China is the largest and most relevant market for oil as they are widely considered to be the main anchor of demand growth as consumption rises with an increasingly affluent population. China has looked to modernize various sectors controlled by the state, from banking (liberalization of interest rates, regulation for wealth management products) to real estate (measures to cool housing bubbles) and the oil and gas industry is no exception.
Prime Minister Li Keqiang has pushed for Chinese State Owned Enterprises (SOE) to cut red tape to encourage economic growth and make China a more investable market with a mature financial system that has strong and enforceable legal frameworks.
For the energy sector, the companies that are most obviously affected will be PetroChina, Sinopec and CNOOC, all of which have extensive integrated operations that span across exploration and production, energy infrastructure and pipelines, refining and marketing, and physical oil trading.
Three major proposed changes are:
1. Opening up production to foreign companies
Previously, China (and most other developing countries with large hydrocarbon resources) had contracts that always required a joint venture (this may still be the case) with varying degrees of Chinese ownership. This may be substantially relaxed, to the point where the government may move more towards royalties, making production economic at lower prices.
This in turn trickles down to employment as the oil companies need to hire Chinese. Oil jobs have traditionally been high paying positions and trickles down to the broader economy through consumption and saving.
Additionally, the government will collect corporate taxes as well as royalties from the production – for example, one out of every 12 barrels produced could belong to China.
Oil companies have been spinning off midstream assets all over the world as this is an opportunity to unlock value (integrated oil has a conglomerate discount) as the midstream assets trade at a premium to production due to less cash flow volatility inherent in the business and lack of sensitivity to oil prices. They are also able to take on much more debt for the same amount of cash flow.
There will also be more efficiency for the higher production from #1, as a separated midstream will not give precedence to Sinopec or Petrochina, allowing for a more innovative market for moving oil around.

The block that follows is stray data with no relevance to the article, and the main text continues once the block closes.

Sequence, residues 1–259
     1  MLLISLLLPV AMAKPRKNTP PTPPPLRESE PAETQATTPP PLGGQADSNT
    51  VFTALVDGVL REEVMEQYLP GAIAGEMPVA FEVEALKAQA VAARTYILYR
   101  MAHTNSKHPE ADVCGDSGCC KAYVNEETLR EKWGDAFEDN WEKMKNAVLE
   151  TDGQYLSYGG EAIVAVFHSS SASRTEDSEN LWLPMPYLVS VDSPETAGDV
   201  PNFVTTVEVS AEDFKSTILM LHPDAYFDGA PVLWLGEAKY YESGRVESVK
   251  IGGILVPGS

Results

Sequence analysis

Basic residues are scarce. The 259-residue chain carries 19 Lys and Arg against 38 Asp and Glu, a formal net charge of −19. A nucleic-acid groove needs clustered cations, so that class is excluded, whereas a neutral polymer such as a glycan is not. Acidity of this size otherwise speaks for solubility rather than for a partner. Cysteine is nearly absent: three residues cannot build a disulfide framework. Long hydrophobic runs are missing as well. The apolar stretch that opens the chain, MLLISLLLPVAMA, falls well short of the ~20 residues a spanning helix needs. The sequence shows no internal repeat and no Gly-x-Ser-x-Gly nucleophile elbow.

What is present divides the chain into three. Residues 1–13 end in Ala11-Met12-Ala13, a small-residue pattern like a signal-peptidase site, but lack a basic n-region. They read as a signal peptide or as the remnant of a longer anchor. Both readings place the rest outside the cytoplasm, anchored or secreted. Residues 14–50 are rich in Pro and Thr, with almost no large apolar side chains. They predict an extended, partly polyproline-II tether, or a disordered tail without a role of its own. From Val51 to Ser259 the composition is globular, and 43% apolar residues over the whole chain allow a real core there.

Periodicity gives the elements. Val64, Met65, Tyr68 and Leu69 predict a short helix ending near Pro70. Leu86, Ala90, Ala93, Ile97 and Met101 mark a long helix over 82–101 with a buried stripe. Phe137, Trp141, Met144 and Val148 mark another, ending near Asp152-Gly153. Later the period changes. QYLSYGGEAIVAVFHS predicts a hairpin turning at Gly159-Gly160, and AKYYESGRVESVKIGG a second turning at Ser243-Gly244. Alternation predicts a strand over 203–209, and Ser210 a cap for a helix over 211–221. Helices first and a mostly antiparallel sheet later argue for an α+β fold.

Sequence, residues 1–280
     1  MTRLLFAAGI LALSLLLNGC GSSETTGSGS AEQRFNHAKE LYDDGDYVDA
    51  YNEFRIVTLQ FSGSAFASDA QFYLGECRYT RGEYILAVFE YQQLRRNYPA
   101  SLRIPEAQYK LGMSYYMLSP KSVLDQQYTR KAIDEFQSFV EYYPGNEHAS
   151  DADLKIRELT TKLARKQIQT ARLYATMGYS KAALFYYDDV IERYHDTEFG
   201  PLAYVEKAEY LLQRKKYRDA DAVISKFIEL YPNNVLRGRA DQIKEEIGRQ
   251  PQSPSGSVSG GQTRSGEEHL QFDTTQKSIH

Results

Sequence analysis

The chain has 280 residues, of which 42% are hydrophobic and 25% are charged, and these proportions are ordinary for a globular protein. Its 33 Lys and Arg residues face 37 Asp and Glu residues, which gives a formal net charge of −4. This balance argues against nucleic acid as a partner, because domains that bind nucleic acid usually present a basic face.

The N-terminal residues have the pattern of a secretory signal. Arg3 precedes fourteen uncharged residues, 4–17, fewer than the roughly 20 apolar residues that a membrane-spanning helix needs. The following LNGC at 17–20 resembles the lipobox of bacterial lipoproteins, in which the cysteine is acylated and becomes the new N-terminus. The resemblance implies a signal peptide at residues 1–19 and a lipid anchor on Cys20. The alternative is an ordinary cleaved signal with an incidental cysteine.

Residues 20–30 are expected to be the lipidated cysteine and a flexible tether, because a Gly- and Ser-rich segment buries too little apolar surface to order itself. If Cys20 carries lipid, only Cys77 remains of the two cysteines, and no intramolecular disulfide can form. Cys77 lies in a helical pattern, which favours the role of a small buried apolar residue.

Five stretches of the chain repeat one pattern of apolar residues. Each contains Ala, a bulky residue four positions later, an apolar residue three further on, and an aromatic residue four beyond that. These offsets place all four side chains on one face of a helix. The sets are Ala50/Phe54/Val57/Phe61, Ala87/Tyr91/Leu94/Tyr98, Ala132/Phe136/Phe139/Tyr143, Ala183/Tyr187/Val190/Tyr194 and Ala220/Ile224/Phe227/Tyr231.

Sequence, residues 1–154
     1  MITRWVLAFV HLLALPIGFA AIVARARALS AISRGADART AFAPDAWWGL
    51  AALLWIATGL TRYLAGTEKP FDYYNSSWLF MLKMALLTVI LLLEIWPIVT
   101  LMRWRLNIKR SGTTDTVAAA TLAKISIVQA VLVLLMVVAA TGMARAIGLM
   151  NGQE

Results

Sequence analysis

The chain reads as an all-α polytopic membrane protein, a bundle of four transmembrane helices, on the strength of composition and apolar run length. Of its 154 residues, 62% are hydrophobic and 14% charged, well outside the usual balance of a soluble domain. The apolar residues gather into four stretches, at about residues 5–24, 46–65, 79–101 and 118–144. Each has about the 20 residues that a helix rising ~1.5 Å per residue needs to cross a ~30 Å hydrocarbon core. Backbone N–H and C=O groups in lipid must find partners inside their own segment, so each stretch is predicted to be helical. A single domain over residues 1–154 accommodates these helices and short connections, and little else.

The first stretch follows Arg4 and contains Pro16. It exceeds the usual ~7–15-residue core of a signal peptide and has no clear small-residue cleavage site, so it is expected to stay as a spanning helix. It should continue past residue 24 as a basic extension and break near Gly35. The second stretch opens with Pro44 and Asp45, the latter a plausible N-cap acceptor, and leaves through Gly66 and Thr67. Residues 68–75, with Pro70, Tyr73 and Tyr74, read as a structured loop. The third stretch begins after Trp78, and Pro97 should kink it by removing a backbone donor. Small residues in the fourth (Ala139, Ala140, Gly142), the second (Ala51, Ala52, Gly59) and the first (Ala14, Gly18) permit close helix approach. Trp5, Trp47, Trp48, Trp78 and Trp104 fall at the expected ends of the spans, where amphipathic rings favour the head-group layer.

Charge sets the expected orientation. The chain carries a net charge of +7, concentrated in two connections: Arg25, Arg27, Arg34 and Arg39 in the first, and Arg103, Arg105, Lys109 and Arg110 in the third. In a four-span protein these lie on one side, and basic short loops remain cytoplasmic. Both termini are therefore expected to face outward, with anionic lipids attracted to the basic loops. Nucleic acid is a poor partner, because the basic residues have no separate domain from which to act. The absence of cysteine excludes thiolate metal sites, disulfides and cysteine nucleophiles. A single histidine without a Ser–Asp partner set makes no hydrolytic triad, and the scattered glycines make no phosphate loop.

3. Deregulation of retail (gasoline) prices
Given #1 will result in lower oil prices and that oil prices have been low in general as of late, this is a good opportunity to lift subsidies on oil. Consumers will not feel the pain as oil prices are already low, and this naturally encourages people to switch to electric vehicles or mass transit.
Why is China Reforming Oil and Gas?
The most important one by far is #1 – allowing foreign companies such as Chevron and Husky to produce on Chinese soil and offshore areas.
Energy has always been a contentious area for many countries due to the need for a country’s own production as a matter of national security. Oil is needed to power everything, including attack planes and transportation in times of war. However, given the rapid advancement of renewable power via the competitiveness of solar and wind and the ability to convert those into transportation fuels via batteries and electric vehicles as well as the newfound abundance of oil and gas made possible by new technology, it is clear that the oil is bountiful but in 20 years, may be worth nothing.
China is not the only one moving in this direction by letting other countries in for once and fully capturing the usefulness of technology from global oil and gas companies such as Schlumberger and the know-how and experience of major producers from the USA. Mexico (PEMEX – offshore drilling) and Brazil (Petrobras – Pre-Salt ultra-deep water drilling), previously very protective of their oil resources have also recently made politically contentious decisions to start opening up, although they need it more immediately than China due to their precarious financial positions (Brazil more than Mexico).
What This Means for Oil and Foreign Exchange
This is undoubtedly a long-term negative for oil prices as supply may rise substantially while demand will eventually fall due to urbanization (population movement from rural to urban areas, leading to densification of living and more people using mass transit instead of cars), fuel efficiency (cars can go further with the same amount of fuel due to both engineering and the substitutability of electric vehicles) and changing social license (environmentalists). We will discuss these in a future post.
The Chinese Yuan (RMB) is pegged to a basket of currencies, but mostly the USD. China is a net importer of oil, and should it start producing more of its own consumption, this will mean that Canada’s relevance to China diminishes. Broad oil weakness is also a negative for the Canadian Dollar. CAD will fall relative to the USD.